Tuesday, October 13 :: 12 PM CT/ 11 AM MT :: REGISTER

As students begin another school year, many teams are addressing and navigating special education issues. Now more than ever, communication between school and home is essential. Join a facilitated conversation with Valerie Johnson, CORE Educational Cooperative CEO, Brenda Stover, Director of Special Service and SD CASE President, and Carla Miller, SD Parent Connection Executive Director to discuss:
  • How special education services are being provided
  • Successes students and schools are experiencing
  • Ongoing concerns families and schools are facing
  • Ways teams are working together to address these concerns
  • Advice for how parents can work with their child’s IEP Team 
Video Chat
to join live online via computer or cell phone
Phone Convo
followed by code
View current and past recorded sessions
online anytime at sdparent.org  
November 10th Lunch & Learn:
What Should I Expect if My Child is in a Multi-Tiered System of Support (MTSS) School?

A blog post summarizing tips and guidelines for parents.

  • Mask Wearing: Determine your baseline
  • Why won’t your child wear a mask?
  • Brainstorm an Ideas List of Motivators
  • Social Stories about Wearing a Mask
  • Chewing and Excessive Drooling with a Mask
  • Mask Wearing IEP Accommodations and Alternatives
  • Practicing Mask Wearing
  • IEP Goals for Mask Wearing
  • Open Communication with your School about Masks
CDC Guidance is meant to supplement—not replace—Federal, state, local, territorial, or tribal health and safety laws, rules, and regulations with which schools must comply such as the Individuals with Disabilities Education Act.
Masks should not be placed on: 
  • Children younger than 2 years old 
  • Anyone who has trouble breathing or is unconscious 
  • Anyone who is incapacitated or otherwise unable to remove the mask without assistance 
Appropriate and consistent use of masks may be challenging for some students, teachers, and staff, including: 
  • Younger students, such as those in early elementary school (Pre-K through 3rd grade). 
  • Students, teachers, and staff with severe asthma or other breathing difficulties. 
  • Students, teachers, and staff with special education or healthcare needs, including intellectual and developmental disabilities, mental health conditions, and sensory concerns or tactile sensitivity. 
While masks are strongly encouraged to reduce the spread of COVID-19, CDC recognizes there are specific instances when wearing a mask may not be feasible. In these instances, parents, guardians, caregivers, teachers, staff, and school administrators should consider adaptations and alternatives whenever possible. They may need to consult with healthcare providers for advice about wearing masks.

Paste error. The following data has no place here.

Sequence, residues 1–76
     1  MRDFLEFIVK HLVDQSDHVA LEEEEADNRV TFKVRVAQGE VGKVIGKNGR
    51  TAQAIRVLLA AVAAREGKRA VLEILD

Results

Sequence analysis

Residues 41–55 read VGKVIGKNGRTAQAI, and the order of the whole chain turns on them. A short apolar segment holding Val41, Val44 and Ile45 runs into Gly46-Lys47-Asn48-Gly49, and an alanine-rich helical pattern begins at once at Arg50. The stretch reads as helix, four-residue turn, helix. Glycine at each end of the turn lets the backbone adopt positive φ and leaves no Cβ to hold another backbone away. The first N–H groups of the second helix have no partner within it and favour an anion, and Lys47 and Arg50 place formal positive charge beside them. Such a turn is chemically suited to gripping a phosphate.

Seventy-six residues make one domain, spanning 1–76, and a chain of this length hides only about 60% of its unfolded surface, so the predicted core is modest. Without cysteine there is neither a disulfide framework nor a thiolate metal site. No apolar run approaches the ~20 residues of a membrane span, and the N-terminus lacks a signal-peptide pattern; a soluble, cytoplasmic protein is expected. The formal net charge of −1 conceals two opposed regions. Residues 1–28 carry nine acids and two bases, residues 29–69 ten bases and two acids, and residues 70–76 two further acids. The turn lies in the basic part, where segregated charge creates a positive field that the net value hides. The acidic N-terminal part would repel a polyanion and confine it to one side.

Why do people wear masks? It’s OK to ask. In Jack Hartmann’s video, Jack explains the importance of wearing masks and who wears a mask. Find out that wearing a mask protects you and others too.
In this video, Julia demonstrates simple ways to make wearing a mask easier. Check out http://autism.sesamestreet.org/
for more resources, videos and stories.

The Office of Special Education and Rehabilitative Services’ Office of Special Education Programs (OSEP) released a Q&A document in response to inquiries concerning implementation of the Individuals with Disabilities Education Act (IDEA) Part B provision of services in the current COVID-19 environment:

Additionally, the Office for Civil Rights issued a COVID-19-related technical assistance document to assist K-12 schools in meeting their obligations under Federal Civil Rights Laws.

YOU can help us by participating in Up and Running - a fundraising campaign hosted by SDPC over the next 6 weeks. Simply choose your favorite activity - walking, running, swimming, playing, gardening, etc. Our event will help motivate you to stay active while helping SDPC by raising funds through personal goals and fun challenges.

Saturday, October 10th from 9 AM-12 PM

Dr. Garrett-Akinsanya is a clinical psychologist and nationally recognized expert in mental health, diversity, and multiculturalism. During this free webinar, she will discuss strategies that families and professionals can use to support the emotional wellness of children and youth​ during the COVID-19 pandemic. Following Dr. Akinsanya’s presentation, PACER's Children's Mental Health Project staff will ​present a brief session featuring recorded interviews with members of PACER’s Youth Advisory Board on tips and strategies for support at school. This virtual event is sponsored by PACER's MN Statewide Family Engagement Center and the Children's Mental Health Project.
This e-publication was developed under grants from the U.S. Department of Education Project Grant H328M140021 and Health Resources and Services Administration (HRSA), U.S. Department of Health and Human Services (HHS) Grant H328M140021, Family to Family Health Information Center, $96,750; and approximately 5% financed with non-governmental resources. The contents should not be construed as the official position or policy of, nor should any endorsements be inferred by US Department of Education, HRSA, HHS or the Federal Government.